The eclectic and experimental Chinese figure painter Chen Hongshou 陳洪綬 (1598/1599–1652) experienced the many political, economic, and social changes of the mid-seventeenth century. As a poet, Chen fashioned a series of discordant selves that engaged the varied, unstable circumstances of his life. In my current research on his painting, I have focused on how he responded to and shaped the media revolution of the late Ming dynasty (1522–1644). This revolution saw the final ascendancy of the woodblock-printed book over the manuscript, along with an unprecedented increase in the production of illustrated books. Illustration not only advanced visual forms of knowledge across social boundaries but also sparked artistic experiments at the intersection of print and painting. In this vibrant and competitive environment, few artists worked in these two media with as much wit as Chen. Unlike his contemporaries who exploited the duplicative capacity of printing, Chen transformed his painting through the appropriation of pictorial and bibliographic conventions ordinarily confined to woodblock-printed books.
My research suggests that Chen’s engagement with seventeenth-century print culture—and, in particular, the demand for narrative illustration—encouraged him to explore the artifice of pictorial composition. Ultimately, Chen experimented with the juxtaposition of incongruent pictorial conventions and manners of drawing, all contained within a bookmaker’s frame. His choice, for instance, to model with graduated colors a facial type taken from printed illustration challenged viewers not only to acknowledge the image as a fabrication but also to perceive it simultaneously in contradictory ways. Chen’s propensity for juxtaposition is echoed in late Ming treatises on art. The writer Li Rihua (1565–1635), for example, described landscape painting as an assembly of formal units, which secondarily assumed the shape of a mountain. Thus, the distorted shapes that distinguish Chen’s paintings do not merely show his affinity for the quirky manners of representation derived from his study of forged antiquities; rather they are embedded in a more sophisticated project to reconceive what a picture is and how it is perceived.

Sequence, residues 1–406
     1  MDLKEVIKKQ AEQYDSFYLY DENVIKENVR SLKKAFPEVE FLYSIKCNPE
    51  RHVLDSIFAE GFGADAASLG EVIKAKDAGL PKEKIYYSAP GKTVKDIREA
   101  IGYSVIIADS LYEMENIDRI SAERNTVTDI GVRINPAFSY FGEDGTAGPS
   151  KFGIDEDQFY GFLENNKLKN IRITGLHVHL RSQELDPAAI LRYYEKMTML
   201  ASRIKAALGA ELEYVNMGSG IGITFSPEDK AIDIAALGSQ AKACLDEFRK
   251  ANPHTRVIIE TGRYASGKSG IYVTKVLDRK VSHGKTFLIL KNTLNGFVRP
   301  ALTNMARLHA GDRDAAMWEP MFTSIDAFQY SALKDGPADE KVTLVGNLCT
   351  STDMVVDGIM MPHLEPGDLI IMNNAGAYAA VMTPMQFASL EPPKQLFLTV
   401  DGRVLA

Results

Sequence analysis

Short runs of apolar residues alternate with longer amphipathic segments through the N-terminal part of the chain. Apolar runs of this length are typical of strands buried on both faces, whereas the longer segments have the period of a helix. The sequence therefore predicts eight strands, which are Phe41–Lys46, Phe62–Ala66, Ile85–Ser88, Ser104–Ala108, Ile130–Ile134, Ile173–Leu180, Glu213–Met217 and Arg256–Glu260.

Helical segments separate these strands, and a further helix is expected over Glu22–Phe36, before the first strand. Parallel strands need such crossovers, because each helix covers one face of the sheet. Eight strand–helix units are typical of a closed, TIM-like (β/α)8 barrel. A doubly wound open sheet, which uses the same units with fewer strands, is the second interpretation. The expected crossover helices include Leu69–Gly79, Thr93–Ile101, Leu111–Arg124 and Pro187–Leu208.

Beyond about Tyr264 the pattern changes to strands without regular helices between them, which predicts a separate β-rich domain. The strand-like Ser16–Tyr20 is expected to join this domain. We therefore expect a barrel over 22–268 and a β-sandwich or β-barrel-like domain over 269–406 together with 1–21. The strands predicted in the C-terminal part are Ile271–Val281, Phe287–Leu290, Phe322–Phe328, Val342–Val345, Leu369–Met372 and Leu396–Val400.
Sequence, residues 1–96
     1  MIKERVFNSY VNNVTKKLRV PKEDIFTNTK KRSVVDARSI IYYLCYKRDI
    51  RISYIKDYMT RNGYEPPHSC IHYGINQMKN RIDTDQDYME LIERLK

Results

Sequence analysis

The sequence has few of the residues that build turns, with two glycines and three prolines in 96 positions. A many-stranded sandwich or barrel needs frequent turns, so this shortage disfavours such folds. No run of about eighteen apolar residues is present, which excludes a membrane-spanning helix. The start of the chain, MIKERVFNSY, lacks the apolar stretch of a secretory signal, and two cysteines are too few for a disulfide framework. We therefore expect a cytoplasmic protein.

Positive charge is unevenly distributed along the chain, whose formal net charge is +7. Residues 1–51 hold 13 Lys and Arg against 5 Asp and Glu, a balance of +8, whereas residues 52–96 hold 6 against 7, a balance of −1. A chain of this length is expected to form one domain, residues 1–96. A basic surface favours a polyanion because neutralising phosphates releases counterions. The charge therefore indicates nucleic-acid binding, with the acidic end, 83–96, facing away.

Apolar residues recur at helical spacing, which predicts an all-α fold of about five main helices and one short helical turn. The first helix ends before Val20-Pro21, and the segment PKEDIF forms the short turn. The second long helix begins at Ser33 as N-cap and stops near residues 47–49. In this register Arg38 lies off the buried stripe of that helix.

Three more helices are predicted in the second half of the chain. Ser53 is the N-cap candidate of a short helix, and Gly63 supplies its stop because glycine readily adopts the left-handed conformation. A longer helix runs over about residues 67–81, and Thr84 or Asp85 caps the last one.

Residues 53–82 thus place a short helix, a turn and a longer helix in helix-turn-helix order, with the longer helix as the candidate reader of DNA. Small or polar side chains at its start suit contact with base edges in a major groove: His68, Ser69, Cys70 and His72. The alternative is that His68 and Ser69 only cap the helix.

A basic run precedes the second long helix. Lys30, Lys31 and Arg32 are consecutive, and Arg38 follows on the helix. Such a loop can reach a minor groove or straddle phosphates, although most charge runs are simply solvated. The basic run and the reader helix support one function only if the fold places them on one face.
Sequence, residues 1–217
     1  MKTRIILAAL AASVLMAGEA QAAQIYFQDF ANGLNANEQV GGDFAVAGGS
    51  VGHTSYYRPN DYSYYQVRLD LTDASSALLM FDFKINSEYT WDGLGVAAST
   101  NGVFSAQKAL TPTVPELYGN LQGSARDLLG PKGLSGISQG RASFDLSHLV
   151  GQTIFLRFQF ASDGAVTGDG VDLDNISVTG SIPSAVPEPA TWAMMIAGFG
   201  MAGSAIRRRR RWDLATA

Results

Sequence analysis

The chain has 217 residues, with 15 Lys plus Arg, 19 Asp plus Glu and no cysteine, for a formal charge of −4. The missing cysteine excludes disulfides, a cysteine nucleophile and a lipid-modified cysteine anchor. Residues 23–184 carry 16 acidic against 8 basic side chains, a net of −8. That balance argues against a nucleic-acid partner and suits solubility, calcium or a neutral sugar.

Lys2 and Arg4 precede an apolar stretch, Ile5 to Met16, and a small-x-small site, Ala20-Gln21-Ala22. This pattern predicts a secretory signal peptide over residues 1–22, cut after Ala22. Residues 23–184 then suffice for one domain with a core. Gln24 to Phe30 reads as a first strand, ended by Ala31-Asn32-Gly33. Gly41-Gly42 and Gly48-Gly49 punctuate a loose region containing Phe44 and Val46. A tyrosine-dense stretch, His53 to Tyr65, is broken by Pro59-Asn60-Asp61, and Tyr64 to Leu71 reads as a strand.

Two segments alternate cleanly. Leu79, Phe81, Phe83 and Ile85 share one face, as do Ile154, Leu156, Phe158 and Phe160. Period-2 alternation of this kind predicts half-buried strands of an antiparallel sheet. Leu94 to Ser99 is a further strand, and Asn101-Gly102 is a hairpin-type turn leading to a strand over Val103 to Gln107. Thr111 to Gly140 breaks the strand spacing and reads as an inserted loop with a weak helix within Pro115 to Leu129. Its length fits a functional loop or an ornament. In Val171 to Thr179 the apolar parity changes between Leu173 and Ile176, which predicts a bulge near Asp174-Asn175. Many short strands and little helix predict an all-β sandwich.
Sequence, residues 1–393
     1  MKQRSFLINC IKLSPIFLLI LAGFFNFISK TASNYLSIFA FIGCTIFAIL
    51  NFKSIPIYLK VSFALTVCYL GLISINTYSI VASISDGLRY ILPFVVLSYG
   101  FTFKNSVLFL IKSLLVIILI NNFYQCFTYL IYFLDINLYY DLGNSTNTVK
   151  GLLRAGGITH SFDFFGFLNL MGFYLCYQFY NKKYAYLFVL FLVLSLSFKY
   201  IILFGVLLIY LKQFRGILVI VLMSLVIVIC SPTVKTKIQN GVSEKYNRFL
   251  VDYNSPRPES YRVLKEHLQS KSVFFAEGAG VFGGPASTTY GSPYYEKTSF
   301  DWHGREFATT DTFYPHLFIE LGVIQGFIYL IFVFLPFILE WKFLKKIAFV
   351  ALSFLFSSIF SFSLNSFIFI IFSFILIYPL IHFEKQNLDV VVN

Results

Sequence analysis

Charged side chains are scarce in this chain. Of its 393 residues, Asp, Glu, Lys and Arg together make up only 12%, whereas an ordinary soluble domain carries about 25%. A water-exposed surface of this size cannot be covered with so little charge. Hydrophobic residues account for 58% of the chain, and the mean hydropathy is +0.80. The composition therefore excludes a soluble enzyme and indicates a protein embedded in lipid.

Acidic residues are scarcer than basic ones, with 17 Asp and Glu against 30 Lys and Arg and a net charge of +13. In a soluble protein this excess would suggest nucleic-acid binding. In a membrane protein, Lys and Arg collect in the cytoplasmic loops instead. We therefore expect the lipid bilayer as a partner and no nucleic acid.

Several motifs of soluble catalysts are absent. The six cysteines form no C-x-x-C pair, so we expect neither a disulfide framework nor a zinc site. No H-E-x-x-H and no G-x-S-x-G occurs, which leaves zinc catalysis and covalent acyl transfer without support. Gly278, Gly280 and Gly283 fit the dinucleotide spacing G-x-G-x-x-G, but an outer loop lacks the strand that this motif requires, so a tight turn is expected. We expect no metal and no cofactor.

At CASVA, while I discovered aspects of late imperial Chinese culture that pertain to my book on Chen’s figural art, I also learned about seventeenth-century European print culture and painting. I find compelling Victor Stoichita’s analysis of how, in early modern Europe, disparate genres and styles framed within a single image created the possibility of understanding a painting as a representation. Nonetheless, after studying a number of engravings and chiaroscuro woodcuts by Hendrick Goltzius (1558–1617) in the National Gallery of Art collection, I am convinced that the preoccupations of “early modern” European artists are not directly relevant to a study of late imperial Chinese print designers. The virtuosic demonstration of skill in the work of Goltzius is astonishing, but the strangeness of Chen’s work relates neither to skill nor to the representation of musculature, which symbolized an autonomous will or agency among early modern European artists, including Goltzius. After all, the concept of “muscle” did not exist in traditional Chinese medical theory. Comparisons drawn between seventeenth-century Chinese and European writers and visual artists, which have recently proliferated, may be informative insofar as they illuminate how a similar issue was differently treated by a Chinese artist and a European artist. But I remain skeptical of finding exact correspondences.
During the past months, I have also studied rare seventeenth-century Chinese illustrated books in the Library of Congress. Most important among these for my research was a household encyclopedia that comprises a physiognomy manual. In this manual, neither illustration nor text focuses solely on how the shapes of a nose or an eyebrow embody a person’s destiny to be wealthy or poor, long-lived or short-lived. A picture labeled “lonely bitterness” is accompanied instead by a text that identifies the physical characteristics that result from this specific state of mind. I concluded from this study that the manifestation of emotion on the face acquired new value in late Ming times. This proposition contradicts the prescriptions that ordinarily governed the representation in Chinese art of the elite male subject, in particular, which was expected to be decorous and subdued.
My research resulted in a journal article entitled “Chen Hongshou’s Laments,” which will also be incorporated into a chapter of my book. Unlike many scholars who have written about Chen, I am not inclined to suggest that he was engaged with the late Ming “cult of qing (emotion).” To the contrary, my research shows that Chen embedded his most arresting images of sorrow or shame in illustrations of poems and historical events. Recollected words contained and sanctioned his strangely expressive bodies. Although the wariness that surrounded the perception of visual phenomena remains to be examined, the book I am writing will be the first to consider Chen’s work in light of his understanding of pictorial representation.